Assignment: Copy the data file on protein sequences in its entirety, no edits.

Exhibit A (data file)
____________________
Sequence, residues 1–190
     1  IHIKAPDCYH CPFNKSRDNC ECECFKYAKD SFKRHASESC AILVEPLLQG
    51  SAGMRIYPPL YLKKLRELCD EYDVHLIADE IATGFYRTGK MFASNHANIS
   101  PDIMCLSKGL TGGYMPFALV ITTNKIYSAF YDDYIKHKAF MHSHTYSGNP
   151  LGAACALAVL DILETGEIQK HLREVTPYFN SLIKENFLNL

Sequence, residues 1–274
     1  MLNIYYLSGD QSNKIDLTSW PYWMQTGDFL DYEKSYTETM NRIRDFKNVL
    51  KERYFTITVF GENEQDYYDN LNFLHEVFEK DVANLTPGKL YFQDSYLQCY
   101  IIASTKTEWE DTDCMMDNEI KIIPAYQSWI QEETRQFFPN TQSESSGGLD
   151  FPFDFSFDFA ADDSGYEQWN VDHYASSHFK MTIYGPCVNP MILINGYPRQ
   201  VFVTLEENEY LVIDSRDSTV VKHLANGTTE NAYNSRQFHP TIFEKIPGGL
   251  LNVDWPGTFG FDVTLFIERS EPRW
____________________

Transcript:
Sequence, residues 1–190
     1  IHIKAPDCYH CPFNKSRDNC ECECFKYAKD SFKRHASESC AILVEPLLQG
    51  SAGMRIYPPL YLKKLRELCD EYDVHLIADE IATGFYRTGK MFASNHANIS
   101  PDIMCLSKGL TGGYMPFALV ITTNKIYSAF YDDYIKHKAF MHSHTYSGNP
   151  LGAACALAVL DILETGEIQK HLREVTPYFN SLIKENFLNL

Sequence, residues 1–274
     1  MLNIYYLSGD QSNKIDLTSW PYWMQTGDFL DYEKSYTETM NRIRDFKNVL
    51  KERYFTITVF GENEQDYYDN LNFLHEVFEK DVANLTPGKL YFQDSYLQCY
   101  IIASTKTEWE DTDCMMDNEI KIIPAYQSWI QEETRQFFPN TQSESSGGLD
   151  FPFDFSFDFA ADDSGYEQWN VDHYASSHFK MTIYGPCVNP MILINGYPRQ
   201  VFVTLEENEY LVIDSRDSTV VKHLANGTTE NAYNSRQFHP TIFEKIPGGL
   251  LNVDWPGTFG FDVTLFIERS EPRW